Downing Street ‘admits there is just a 30 PER CENT chance of agreeing a post-Brexit trade deal with the EU by the end of the year’ as haulage bosses demand an ‘urgent meeting’ with ministers over ‘significant gaps’ in UK border plans
- Senior No10 figures reported to put chance of deal between 30 and 40 per cent
- Trade deal talks with the EU remain deadlocked after months of discussions
- Came as eight logistics firms warned UK faces ‘severe’ disruption at the border
- Companies are urging Government to step up their Brexit border preparations
Downing Street believes the UK has a one in three chance of striking a comprehensive free trade deal with the European Union by the end of the year, it was claimed today.
Talks on Britain’s post-Brexit relationship with Brussels remain in a state of deadlock, with both sides increasingly frustrated at the lack of progress.
Senior Number 10 figures currently estimate there is a 30 to 40 per cent chance of a deal being done before the end of the transition period, according to The Times.
The Prime Minister’s deputy official spokesman would not be drawn on the percentage claim but said ‘our goal remains to reach an agreement and we will continue to work hard to do that’.
However, the spokesman added: ‘But we have been clear there is lots of work still to be done. We need more realism from the EU and for them to show that they understand the fundamentals of our position as an independent country.’
It came as eight logistics firms warned that Britain could face ‘severe’ disruption to supply chains next year unless Brexit border preparations are stepped up.
Leading companies and lobby groups told how there were ‘significant gaps’ in the preparations for managing the borders from January if there no trade deal can be agreed with the bloc.
The claims were made by organisations including the Road Haulage Association in an open letter to Cabinet Office Minister Michael Gove and Chancellor Rishi Sunak.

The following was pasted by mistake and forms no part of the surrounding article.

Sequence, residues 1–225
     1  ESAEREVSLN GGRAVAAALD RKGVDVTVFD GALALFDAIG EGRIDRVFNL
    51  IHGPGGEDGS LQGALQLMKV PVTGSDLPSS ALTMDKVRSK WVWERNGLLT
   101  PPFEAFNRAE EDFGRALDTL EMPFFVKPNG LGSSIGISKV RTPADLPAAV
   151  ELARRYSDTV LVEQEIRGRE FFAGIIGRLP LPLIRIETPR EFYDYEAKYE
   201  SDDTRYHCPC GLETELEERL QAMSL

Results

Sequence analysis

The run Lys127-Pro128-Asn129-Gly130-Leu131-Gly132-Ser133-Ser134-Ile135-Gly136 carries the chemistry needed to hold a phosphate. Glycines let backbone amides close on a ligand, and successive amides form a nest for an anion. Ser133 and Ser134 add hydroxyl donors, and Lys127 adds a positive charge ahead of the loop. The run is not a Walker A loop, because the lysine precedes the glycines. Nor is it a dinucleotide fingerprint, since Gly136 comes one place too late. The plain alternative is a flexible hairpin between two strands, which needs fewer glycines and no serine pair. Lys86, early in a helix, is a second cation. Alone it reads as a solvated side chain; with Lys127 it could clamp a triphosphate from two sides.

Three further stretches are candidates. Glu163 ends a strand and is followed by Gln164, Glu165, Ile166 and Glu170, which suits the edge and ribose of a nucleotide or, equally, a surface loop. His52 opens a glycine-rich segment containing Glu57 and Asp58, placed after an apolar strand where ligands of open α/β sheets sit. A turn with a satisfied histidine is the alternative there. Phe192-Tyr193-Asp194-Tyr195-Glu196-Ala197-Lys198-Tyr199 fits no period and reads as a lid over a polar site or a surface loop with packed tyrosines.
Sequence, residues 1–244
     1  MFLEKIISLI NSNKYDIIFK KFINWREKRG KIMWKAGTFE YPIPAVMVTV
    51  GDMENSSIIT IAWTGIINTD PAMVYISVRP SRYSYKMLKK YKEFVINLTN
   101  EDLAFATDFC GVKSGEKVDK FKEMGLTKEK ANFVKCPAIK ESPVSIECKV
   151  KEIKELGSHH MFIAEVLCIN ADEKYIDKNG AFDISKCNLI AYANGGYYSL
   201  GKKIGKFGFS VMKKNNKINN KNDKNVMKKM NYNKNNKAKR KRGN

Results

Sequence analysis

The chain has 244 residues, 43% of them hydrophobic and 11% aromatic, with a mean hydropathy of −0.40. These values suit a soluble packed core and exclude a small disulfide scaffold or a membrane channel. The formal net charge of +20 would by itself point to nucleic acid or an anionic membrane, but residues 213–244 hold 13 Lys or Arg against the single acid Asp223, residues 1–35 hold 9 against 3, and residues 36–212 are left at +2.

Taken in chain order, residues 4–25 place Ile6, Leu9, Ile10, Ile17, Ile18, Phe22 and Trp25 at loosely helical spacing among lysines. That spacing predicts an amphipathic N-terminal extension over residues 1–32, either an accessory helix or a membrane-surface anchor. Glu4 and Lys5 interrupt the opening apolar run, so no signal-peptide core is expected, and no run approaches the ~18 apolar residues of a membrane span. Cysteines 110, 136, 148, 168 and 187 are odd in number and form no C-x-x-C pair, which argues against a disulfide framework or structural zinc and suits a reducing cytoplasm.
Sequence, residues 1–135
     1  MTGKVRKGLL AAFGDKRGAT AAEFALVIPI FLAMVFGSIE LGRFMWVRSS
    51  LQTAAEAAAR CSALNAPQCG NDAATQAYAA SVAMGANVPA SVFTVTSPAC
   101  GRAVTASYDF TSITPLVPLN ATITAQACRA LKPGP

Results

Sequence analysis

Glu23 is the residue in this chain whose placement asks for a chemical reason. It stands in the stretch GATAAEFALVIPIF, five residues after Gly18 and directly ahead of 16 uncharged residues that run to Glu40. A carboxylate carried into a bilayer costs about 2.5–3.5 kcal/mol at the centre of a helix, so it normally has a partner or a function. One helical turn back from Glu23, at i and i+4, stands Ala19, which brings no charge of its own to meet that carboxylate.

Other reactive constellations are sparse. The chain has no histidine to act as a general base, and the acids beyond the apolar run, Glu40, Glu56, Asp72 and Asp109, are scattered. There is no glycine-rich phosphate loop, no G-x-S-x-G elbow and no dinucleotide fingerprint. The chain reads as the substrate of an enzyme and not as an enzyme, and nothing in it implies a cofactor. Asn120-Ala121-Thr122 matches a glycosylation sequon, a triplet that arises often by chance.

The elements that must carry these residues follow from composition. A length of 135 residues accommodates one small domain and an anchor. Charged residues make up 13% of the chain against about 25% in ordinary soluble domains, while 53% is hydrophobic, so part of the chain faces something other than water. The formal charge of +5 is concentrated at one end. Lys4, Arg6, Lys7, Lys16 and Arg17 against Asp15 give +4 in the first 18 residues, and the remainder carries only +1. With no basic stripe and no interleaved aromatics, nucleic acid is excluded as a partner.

Freight lorries queue to leave the Port of Dover in Kent after arriving by ferry on March 31
Freight lorries queue to leave Dover to deliver goods across the UK in lockdown on March 31
They requested a meeting about technological and infrastructure concerns, according to a copy of the letter seen by the Financial Times.
The letter said: ‘Our concern is so strong that we have collectively agreed to request an urgent roundtable meeting with yourself, the chancellor of the exchequer and secretary of state for transport [Grant Shapps].’
‘We are asking you to take seriously our concerns and listen to the detail during this roundtable so that we can collectively help government manage through this enormous challenge.’
RHA boss Richard Burnett said: ‘It is patently clear that, on the political front at least, there is a complete lack of appreciation of the enormity of, in effect, constructing a new supply chain after 50 years of completely free trade with the EU.’
It came as a new report claimed secrecy about the Government’s Brexit negotiating objectives had hindered preparations for the UK’s split from the bloc.
The efforts also took a heavy toll on the Civil Service with a high turnover among senior staff, according to the study by the National Audit Office (NAO).
It found there were more than 22,000 workers deployed across Whitehall departments on the preparations for Brexit which have cost £4.4billion.
The study aimed to examine the lessons to be learned from the Government’s attempts to ready the country for Brexit following the 2016 EU referendum result.
Lorries queue on the A20 in Kent as ferry services at Dover are hit by storms on January 14
Liberal Democrat Brexit spokesman Christine Jardine said the NAO report was evidence the Tories had made a ‘dog’s dinner’ of Britain’s divorce from Europe.
‘How Boris Johnson ever thought he could get a deal by the end of July with the chaos behind the scenes in Whitehall is beyond me,’ Ms Jardine said.
Meg Hillier, the Labour chair of the Public Accounts Committee, said the Government had taken ‘took too long to get to grips with the challenge it was facing’ and had failed to appreciate the ‘risks of working at such a fast pace’.
‘It didn’t collect enough information about the people and money it was committing to Brexit preparations, and couldn’t assess whether it was striking the right balance between its priorities,’ she said.
‘It must not make these mistakes again when weighing up how best to allocate resources between the pandemic response, Brexit and its other priorities.’